Mike Pence says the time for affirmative action 'is over'

 July 3, 2023

Mike Pence defended the Supreme Court's ruling ending affirmative action in a contentious interview Sunday, saying the time for racially based college admissions is "over." 

Liberal news anchor Jonathan Karl of ABC began by asking whether it's a "problem" that fewer black and Hispanic kids will attend elite colleges without having seats reserved for them.

While there "was a time" for affirmative action, "those days are over," Pence said.

"And I really believe that the decision by the Supreme Court today was an acknowledgement of the incredible progress that minority Americans have made, their extraordinary educational achievements," he said.

Mike Pence reacts

Karl continued to press Pence on the "concern" that the racial composition of elite schools will change, but Pence said he's "confident" that blacks and Hispanics will succeed on merit alone.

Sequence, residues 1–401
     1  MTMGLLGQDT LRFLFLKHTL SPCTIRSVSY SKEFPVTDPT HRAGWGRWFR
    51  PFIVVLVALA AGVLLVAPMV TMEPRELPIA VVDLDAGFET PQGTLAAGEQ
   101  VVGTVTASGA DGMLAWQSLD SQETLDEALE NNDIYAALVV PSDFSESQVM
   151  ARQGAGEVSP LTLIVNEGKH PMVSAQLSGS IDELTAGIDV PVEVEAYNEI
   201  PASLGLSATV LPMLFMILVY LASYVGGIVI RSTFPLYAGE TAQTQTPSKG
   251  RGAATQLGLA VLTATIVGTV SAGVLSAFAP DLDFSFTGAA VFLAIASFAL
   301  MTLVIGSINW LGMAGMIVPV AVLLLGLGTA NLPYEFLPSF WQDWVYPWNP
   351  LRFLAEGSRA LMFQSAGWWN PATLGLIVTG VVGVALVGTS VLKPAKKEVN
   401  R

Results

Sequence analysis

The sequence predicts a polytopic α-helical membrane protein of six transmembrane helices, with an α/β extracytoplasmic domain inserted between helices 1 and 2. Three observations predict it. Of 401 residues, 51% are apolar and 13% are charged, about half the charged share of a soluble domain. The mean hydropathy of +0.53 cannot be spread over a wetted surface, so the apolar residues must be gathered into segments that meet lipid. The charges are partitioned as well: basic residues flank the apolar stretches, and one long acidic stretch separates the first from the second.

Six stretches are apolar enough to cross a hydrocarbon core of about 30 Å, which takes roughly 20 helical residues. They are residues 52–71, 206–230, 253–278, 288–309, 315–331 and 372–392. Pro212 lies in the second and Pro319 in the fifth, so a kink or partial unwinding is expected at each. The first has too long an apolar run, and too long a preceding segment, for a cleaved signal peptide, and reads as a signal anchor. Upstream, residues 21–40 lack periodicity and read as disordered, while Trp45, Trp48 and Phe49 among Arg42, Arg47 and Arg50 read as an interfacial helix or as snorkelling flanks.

"I’m just – I’m just very confident that African Americans, Hispanic Americans and other minorities are going to be able to compete and succeed," he said.

The court's majority ruled that anti-white and anti-Asian affirmative action policies at Harvard and the University of North Carolina violated the Fourteenth Amendment's equal protection clause and the nation's "colorblind" ideals.

The Supreme Court cited the indefinite duration of affirmative action as one reason for striking it down. Pence echoed those concerns, pointing to a 2003 opinion in which the court upheld affirmative action with the understanding that it would eventually be phased out.

"You know, it was Justice Sandra Day O’Connor, who more than 20 years ago, said that she thought affirmative action would go away in 25 years, it went away a little sooner than that. And I think that’s a tribute to our minority students," Pence said.

How long?

The dissenting justices in Thursday's ruling did not directly address the question of how long affirmative action should last.

But they said the impact of ending it will be "devastating," even as they claimed that race was only being used in a "limited" or "holistic" way in college admissions.

Ketanji Brown Jackson, who was explicitly chosen for her role because of her race, called the court's ruling a "tragedy for us all."

But the nation views things differently: a poll by ABC News found that 52 percent of Americans agreed with the court's decision ending affirmative action.

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